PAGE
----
0xacb discovered that while our normal account signup at https://dropbox.com/register would ensure that users cannot use certain “illegal” characters (including ) in their first and last names, the account registration via CSV endpoint did not. While this is a bug, it wasn’t a security bug; it didn’t really have any security impact because we usually sanitize everything client-side with React anyway.
With the day of the event just around the corner, 0xacb joined forces with cache-money to see if they could figure out a way to escalate this weird behavior further. At one point, cache-money created a user with the name
and shared a paper document with 0xacb. They immediately noticed that in the Dropbox web client notifications that the user’s name rendered as “First Name” in a large, bold font. This indicated that HTML injection was possible but with our CSP and use of DOMPurify in our notifications, there was a significant barrier preventing them from escalating to XSS.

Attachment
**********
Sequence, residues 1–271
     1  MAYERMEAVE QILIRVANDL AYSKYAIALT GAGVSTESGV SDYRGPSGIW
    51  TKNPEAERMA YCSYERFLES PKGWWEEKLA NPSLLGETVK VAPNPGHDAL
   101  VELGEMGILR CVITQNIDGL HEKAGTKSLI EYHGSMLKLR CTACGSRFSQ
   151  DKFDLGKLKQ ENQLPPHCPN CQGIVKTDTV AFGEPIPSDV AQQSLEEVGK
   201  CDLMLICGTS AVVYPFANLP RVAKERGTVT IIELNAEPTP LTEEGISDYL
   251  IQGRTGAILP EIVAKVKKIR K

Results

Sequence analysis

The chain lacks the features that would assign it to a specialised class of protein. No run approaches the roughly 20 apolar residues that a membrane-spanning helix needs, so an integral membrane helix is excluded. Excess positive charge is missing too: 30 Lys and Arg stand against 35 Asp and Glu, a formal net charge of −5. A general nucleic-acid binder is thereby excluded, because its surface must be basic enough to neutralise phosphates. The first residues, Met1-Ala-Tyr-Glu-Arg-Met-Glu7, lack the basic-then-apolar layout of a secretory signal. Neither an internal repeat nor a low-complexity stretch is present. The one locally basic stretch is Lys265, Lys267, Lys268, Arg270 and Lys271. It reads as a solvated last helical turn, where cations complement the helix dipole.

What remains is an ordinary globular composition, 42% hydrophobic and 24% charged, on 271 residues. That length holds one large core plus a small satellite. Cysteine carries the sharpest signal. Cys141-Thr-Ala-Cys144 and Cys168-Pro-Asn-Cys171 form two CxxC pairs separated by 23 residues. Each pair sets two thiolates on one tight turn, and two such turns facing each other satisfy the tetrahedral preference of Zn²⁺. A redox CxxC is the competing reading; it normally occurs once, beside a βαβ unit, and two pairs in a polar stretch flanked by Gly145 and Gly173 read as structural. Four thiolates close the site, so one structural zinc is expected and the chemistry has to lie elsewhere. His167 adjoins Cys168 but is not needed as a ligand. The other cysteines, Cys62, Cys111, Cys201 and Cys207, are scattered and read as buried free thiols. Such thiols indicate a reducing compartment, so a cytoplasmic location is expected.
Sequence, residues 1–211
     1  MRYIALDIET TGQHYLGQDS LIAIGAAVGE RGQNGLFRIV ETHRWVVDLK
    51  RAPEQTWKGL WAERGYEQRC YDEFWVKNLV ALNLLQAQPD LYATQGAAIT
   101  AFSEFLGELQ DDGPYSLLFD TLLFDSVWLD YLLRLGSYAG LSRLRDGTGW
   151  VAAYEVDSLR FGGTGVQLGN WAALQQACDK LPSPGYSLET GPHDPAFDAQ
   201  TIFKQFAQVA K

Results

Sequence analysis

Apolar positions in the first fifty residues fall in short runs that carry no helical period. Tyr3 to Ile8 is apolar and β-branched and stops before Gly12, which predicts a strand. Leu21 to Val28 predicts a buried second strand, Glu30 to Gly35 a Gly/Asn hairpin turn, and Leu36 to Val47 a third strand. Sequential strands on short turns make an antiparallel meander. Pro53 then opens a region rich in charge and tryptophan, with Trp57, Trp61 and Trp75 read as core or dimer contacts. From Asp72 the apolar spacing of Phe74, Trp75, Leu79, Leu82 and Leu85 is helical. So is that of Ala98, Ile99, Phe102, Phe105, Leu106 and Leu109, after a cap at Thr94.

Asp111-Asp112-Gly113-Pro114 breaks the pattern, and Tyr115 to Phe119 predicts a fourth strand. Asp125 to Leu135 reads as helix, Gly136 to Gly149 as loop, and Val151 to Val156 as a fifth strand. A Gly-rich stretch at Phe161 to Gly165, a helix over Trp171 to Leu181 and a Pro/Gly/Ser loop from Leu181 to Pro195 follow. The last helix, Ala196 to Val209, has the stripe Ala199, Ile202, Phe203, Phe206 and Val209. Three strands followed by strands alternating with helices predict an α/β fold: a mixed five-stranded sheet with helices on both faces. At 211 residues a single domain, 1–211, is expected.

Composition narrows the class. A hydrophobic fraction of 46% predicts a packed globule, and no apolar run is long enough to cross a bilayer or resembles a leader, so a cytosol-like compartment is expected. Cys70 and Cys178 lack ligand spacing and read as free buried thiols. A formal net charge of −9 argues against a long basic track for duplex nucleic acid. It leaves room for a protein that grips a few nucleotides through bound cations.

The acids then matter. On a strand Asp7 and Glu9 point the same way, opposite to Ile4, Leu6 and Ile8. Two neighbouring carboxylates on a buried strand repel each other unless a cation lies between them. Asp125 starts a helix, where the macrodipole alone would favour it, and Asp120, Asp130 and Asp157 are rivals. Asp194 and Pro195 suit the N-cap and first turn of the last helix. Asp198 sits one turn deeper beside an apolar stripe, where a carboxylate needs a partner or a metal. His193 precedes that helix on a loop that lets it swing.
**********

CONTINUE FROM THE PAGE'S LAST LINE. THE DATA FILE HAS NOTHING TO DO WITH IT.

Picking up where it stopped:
After some additional investigation, we discovered that it was possible to get this behavior to trigger on the Desktop client as well. Members from both the Product Security team as well as the bug bounty hunters spent some time trying to escalate this HTML injection into something more impactful. We concluded that the CSP rules used in the Desktop environment are too restrictive to allow for more interesting attacks.
Moving back to the web client, we realized that DOMPurify was allowing
Tempemail , Tempmail – Temp email addressess (10 minutes emails)– When you want to create account on some forum or social media, like Facebook, Reddit, Twitter, TikTok you have to enter information about your e-mail box to get an activation link. Unfortunately, after registration, this social media sends you dozens of messages with useless information, which you are not interested in. To avoid that, visit this Temp mail generator: tempemail.co and you will have a Temp mail disposable address and end up on a bunch of spam lists. This email will expire after 10 minute so you can call this Temp mail 10 minute email. Our service is free! Let’s enjoy!